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Technology used in documentary production.

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Introduction

Technology Used in Documentary Production Cameras There are three basic types of camera: * Film camera (35mm, 16mm, 8mm); * Analogue video camera (Betacam Sp, U-Matic) - these became widely available in the 1970s; * Digital video camera CDv, Mini Dv, Digi-Beta)- these became widely available in 1995 and are now nearly all broadcast quality. The advantages of the video camera: Cost: * The film camera retails from approximately �10,000; the analogue video camera from �8,000 and broadcast quality digital video camera from just �1000; * The average cost of 35mm film stock for a 90-minute documentary would be around �5,000 while the average cost of digital tape stock for a 90-minute documentary would be less than �100. * The film processing and lab fees for a 90-minute documentary would be around �5,000, while there would be no such fees for digital tape stock that doesn't need to be processed. ...read more.

Middle

it can be fed into a computer system and edited completely within the computer. The programme can be stored on a computer and changes can be made to any segment of the programme at any stage of the post-production phase. The way that it works also means that there is no generation loss due to copying. The master edit can be of the same quality as the original footage, unlike traditional editing where there will always be at least one-generation loss. If the documentary is shot on film, it can still be edited in the same way. It requires the negative to be telecined to video, complete with the relevant frame information. This can then be fed into the computer and edited as above. ...read more.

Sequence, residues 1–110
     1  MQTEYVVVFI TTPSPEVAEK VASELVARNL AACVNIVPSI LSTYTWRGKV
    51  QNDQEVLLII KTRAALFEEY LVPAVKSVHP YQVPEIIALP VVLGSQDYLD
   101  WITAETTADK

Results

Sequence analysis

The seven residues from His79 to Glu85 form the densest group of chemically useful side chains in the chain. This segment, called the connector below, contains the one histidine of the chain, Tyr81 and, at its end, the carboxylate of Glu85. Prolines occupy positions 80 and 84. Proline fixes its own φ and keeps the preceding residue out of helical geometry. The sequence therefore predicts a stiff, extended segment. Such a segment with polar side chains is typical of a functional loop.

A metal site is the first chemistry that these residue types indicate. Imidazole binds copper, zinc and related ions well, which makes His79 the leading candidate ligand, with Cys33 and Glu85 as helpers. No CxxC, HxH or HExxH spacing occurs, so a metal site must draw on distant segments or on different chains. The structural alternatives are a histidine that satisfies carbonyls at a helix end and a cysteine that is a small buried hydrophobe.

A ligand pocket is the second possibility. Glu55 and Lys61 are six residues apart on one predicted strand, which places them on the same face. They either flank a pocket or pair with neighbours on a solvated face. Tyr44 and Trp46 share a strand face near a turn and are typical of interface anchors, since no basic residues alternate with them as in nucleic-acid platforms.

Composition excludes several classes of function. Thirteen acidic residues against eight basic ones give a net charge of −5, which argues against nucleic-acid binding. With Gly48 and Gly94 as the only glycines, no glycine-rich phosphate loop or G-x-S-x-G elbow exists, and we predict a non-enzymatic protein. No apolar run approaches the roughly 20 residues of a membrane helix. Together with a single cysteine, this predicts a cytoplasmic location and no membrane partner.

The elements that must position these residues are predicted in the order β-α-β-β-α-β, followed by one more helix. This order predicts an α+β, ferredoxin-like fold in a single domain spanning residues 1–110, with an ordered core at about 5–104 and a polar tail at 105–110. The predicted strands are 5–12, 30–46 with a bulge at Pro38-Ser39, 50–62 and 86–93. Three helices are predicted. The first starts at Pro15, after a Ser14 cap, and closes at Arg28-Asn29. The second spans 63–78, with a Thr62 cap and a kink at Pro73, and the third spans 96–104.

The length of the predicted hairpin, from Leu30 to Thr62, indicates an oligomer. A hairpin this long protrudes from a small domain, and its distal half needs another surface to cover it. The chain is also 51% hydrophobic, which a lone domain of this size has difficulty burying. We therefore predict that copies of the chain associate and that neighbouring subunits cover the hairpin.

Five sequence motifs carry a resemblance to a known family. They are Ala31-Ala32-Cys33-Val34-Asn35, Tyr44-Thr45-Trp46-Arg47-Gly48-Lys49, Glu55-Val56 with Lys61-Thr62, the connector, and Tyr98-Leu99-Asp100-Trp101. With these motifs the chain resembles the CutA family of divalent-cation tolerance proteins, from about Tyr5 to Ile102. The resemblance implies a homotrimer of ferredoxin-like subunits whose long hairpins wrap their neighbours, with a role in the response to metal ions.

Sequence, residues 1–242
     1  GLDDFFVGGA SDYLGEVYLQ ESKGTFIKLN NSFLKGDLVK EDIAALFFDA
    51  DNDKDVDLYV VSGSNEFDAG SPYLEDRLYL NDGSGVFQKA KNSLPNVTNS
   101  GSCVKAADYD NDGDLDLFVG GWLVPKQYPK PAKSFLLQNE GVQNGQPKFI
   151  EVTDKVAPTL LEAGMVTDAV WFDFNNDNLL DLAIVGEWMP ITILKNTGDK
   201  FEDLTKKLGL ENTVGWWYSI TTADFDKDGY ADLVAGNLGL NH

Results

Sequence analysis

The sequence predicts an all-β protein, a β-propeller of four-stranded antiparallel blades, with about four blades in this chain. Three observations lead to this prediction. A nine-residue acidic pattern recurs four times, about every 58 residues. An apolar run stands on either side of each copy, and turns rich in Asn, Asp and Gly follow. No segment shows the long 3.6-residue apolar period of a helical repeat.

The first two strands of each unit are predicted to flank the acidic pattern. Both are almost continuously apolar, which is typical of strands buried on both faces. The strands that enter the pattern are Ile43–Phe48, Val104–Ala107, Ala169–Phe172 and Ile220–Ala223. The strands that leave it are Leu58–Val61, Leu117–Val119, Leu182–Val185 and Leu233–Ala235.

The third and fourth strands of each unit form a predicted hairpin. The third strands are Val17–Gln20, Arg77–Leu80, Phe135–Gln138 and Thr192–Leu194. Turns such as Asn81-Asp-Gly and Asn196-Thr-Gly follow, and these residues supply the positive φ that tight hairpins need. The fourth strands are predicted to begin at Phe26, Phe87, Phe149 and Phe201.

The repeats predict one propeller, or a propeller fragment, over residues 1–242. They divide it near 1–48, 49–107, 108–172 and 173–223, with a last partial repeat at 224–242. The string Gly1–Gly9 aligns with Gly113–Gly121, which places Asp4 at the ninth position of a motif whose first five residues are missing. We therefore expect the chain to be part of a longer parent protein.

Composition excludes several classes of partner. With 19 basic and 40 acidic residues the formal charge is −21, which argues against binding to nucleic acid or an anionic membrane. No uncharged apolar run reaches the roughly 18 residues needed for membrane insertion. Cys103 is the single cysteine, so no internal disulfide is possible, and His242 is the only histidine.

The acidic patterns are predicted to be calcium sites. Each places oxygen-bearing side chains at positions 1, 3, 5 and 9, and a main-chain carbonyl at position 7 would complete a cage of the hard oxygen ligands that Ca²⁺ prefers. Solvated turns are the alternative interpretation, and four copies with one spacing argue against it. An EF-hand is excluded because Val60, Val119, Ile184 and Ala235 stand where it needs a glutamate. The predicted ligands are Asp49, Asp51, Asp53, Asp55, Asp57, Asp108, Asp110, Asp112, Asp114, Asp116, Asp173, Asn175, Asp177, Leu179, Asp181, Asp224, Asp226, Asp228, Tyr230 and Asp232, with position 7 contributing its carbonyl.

Conclusion

can be stored onto a hard disc as digital data and then manipulated an infinite number of times before committing the final copy to a tape. Recent technological developments Steadicam: developed in the 1970s, this is the trade name for a widely used device that balances hand-held cameras gyroscopically, allowing for greater flexibility and fluid movement that is usually used to provide point-of-view (P.O.V) shots. (The corresponding device made by Panavision is known as the 'panaglide'.) Video Assist: this is an adaptor with a video camera inside, which is fitted onto a film camera. When shooting, the video images are shot simultaneously with the film images and through the same lens, allowing the director to review the scenes as soon as they are completed. D.A.T. (Digital Audio Tape): this enables crystal clear sound recording that can be synched to film or video. ...read more.

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